NEK Voter Registration

thumbnailAROUND THE NEK - Towns and cities in the state of Vermont go through a lot of steps in order to prevent voter fraud and keep elections fair and balanced. One way they accomplish that is through voter identification in each community.


    The states Myvoter webpage makes voting easier on the towns and it's citizens. The page not  only allows townspeople to check their registration status, absentee ballot status, local polling locations, and elected officials who currently hold office, but makes it easier for town clerks to track voter information they have on file.  

"If they go to use the my voter page, all they have to have is their ID and their proper date of birth," Willaim St. Peter, the Shefield town clerk says.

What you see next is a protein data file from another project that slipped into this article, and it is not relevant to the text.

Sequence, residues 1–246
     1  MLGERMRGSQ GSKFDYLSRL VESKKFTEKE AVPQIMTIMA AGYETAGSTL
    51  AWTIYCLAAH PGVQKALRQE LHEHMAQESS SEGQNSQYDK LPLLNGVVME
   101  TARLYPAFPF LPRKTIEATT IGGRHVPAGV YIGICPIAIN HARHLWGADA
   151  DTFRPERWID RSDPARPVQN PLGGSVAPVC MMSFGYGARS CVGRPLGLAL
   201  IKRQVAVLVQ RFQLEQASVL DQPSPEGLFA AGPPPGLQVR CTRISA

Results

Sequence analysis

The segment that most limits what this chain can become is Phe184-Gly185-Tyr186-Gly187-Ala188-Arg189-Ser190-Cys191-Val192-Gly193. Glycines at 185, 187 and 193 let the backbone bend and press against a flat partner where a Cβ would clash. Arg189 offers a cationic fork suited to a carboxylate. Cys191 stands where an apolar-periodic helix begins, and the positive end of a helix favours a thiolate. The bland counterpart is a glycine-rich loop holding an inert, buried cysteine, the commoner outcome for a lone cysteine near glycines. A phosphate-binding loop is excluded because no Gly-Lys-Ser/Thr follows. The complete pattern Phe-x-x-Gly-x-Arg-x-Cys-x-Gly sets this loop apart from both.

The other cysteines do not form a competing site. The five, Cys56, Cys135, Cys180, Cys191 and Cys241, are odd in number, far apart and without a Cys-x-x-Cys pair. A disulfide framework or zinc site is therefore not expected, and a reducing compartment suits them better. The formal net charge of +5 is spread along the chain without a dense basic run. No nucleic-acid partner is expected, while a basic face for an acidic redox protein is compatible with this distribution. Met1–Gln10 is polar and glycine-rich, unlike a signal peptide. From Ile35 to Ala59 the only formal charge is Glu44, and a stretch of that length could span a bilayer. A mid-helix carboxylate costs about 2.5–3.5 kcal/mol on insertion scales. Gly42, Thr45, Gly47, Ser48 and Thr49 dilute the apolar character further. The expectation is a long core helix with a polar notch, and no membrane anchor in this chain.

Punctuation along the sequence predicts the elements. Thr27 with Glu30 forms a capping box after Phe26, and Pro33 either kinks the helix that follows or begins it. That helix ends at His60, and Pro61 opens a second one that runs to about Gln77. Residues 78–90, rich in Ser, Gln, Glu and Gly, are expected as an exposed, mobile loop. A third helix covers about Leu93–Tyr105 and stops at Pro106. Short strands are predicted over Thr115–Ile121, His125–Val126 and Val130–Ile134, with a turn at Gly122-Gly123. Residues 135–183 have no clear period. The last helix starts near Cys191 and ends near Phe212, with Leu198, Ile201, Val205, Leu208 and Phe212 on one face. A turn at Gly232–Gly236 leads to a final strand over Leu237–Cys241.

Towns across the state are required to make checklists of voters in the town and where and when they move.

"When voters move, and we do the transfers here, in St. Johnsbury, then we know by their property tax transfer return that they've moved, so we are allowed to purge them from the checklist that way," says Stacy Jewel, the St. Johnsbury town clerk.

It is also the towns job to keep track of living and deceased members of its town. The town does this by receiving a list of deaths by county from the state, and purging the people off of the voter list after seeing the death certificate or the obituary.

Even after all the overhead that goes into tracking the voters in each town, voter information is then still verified at the polls when someone goes to vote, and if that information is somehow found to be incorrect, it can be fixed that day at the polls.